Rand Paul’s Free Market Fundamentalism

So “libertarian” or Tea Party darling Rand Paul has won the Republican Senate nomination in Kentucky in a “Randslide.”

Libertarianism or free-market fundamentalism is a uniquely American philosophy with little grounding in 21st century reality. Where in the world has it been successfully tried? To my knowledge, no where beyond countries that end up in tin-horn dictatorships where unregulated wealth is accumulated and concentrated in a few extremely wealthy families. Certainly not in America where public-private investment and partnerships have been an integral part of American economic history since the Louisiana Purchase and the growth of the railroad.

One can understand the frustration of Americans who’ve yet to see much evidence of economic recovery or reduction in the unemployment rate despite the bailout of banks and auto companies, along with the federal economic stimulus package, anxiety over the new health care law and growing deficit. But Paul and the “Tea Party Movement” represent an extreme reaction. My guess is that by November, with greater evidence of an economic recovery, more voters will come to their senses.

For years on this blog, I’ve debated free market fundamentalism with Ron Moore, who argued (among other things) that segregationist bigots had a right to discriminate at hotels, eating establishments or other businesses that they owned. Paul has made the same argument, saying the Civil Rights Act of 1964 was too broad and should not apply to private businesses. He has been rightly criticized for, in the words of a NYT editorial, “not understanding the nature of racial progress in this country.” What libertarian-Republicans and free market fundamentalists refuse to understand is that “the freedom of a few people to discriminate meant generations of less freedom for large groups of others.” If elected, free market fundamentalists like Paul would apply their own flawed reasoning and moral blindness to a wide range of issues, from health care to financial services.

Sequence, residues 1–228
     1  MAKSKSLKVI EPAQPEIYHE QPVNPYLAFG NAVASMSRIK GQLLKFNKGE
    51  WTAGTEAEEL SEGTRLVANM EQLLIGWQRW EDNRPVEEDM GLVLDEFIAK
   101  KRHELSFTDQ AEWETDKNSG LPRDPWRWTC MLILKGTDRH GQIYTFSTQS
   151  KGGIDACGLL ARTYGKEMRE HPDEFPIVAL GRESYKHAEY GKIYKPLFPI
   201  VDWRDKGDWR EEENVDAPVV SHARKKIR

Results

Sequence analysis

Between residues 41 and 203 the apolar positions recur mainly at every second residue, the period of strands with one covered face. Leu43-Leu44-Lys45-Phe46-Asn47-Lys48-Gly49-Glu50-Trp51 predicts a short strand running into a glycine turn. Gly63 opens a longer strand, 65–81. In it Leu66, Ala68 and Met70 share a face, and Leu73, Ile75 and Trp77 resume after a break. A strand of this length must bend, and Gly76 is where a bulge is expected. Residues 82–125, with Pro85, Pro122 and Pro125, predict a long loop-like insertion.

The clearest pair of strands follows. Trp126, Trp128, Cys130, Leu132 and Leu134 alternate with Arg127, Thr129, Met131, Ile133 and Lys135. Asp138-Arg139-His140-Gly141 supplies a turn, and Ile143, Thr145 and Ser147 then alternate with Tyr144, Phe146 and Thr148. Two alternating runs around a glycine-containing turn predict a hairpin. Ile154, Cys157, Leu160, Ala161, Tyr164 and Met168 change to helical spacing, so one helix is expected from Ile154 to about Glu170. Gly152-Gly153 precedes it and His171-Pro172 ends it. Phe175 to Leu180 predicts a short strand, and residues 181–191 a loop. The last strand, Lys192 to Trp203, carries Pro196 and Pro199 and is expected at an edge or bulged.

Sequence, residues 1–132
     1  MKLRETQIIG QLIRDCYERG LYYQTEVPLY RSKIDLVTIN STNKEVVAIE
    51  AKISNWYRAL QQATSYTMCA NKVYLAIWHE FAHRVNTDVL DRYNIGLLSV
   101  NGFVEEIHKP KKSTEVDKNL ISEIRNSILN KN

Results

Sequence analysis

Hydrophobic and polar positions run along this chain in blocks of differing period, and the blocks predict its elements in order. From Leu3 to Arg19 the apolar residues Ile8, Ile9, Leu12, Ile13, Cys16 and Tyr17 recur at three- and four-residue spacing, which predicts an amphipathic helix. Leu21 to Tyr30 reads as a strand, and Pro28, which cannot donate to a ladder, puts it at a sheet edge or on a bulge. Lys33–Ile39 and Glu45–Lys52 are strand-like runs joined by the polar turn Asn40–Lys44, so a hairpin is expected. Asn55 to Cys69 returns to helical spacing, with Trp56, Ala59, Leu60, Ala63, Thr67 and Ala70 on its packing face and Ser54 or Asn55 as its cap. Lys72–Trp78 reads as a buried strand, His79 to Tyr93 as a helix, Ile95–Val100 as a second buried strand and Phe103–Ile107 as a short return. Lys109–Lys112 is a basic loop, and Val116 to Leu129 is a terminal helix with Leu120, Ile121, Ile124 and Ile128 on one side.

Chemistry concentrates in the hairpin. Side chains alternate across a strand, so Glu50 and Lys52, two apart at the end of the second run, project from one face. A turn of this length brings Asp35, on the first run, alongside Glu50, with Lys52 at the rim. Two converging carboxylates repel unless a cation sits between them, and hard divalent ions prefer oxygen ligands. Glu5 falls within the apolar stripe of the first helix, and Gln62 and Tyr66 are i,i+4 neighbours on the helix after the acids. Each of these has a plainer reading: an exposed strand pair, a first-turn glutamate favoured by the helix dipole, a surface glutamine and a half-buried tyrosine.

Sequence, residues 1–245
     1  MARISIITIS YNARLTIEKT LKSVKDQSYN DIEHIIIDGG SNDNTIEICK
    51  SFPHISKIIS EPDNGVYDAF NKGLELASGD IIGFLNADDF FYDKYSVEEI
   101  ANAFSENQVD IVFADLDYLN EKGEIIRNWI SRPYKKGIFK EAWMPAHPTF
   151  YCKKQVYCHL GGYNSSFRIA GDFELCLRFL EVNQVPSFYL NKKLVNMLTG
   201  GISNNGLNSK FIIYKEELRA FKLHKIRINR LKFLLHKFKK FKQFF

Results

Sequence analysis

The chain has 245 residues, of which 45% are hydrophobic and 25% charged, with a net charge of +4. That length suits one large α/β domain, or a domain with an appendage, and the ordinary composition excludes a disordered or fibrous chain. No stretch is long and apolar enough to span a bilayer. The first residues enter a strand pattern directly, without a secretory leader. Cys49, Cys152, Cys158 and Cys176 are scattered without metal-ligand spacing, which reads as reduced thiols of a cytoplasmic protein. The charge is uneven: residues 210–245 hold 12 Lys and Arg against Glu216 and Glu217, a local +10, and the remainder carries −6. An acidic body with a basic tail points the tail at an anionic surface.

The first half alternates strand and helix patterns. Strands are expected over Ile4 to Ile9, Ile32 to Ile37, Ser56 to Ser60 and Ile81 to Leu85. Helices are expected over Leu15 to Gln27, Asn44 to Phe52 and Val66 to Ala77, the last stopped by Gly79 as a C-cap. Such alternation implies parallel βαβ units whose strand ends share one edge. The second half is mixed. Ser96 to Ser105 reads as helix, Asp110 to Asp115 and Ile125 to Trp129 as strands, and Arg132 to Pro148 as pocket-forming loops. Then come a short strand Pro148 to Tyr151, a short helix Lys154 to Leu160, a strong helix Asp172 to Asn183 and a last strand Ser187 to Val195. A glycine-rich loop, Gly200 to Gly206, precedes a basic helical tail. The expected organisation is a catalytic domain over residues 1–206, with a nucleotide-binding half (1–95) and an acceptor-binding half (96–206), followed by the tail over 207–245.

Republican National Committee Chairman Michael Steele says he’s “not comfortable” with Paul’s views on civil rights. After the firestorm erupted over Paul’s civil rights’ views, to get elected he abandoned his libertarian principle on this issue and reversed himself, first saying he would not seek to repeal the Civil Rights Act then saying he would, ah, er, um, support the CRA. But he defends the corporate irresponsibility of BP, making the outrageous statement that it’s “un-American” for President Obama to hold British Petroleum accountable for the spill in the Gulf. He wants to abolish the income tax, and opposes the Americans with Disabilities Act.

Let’s see if Paul, an ophthalmologist, wins election to the Senate against Democrat Jack Conway, Kentucky’s attorney general. He has blasted Paul for his “cold and callous world view.”

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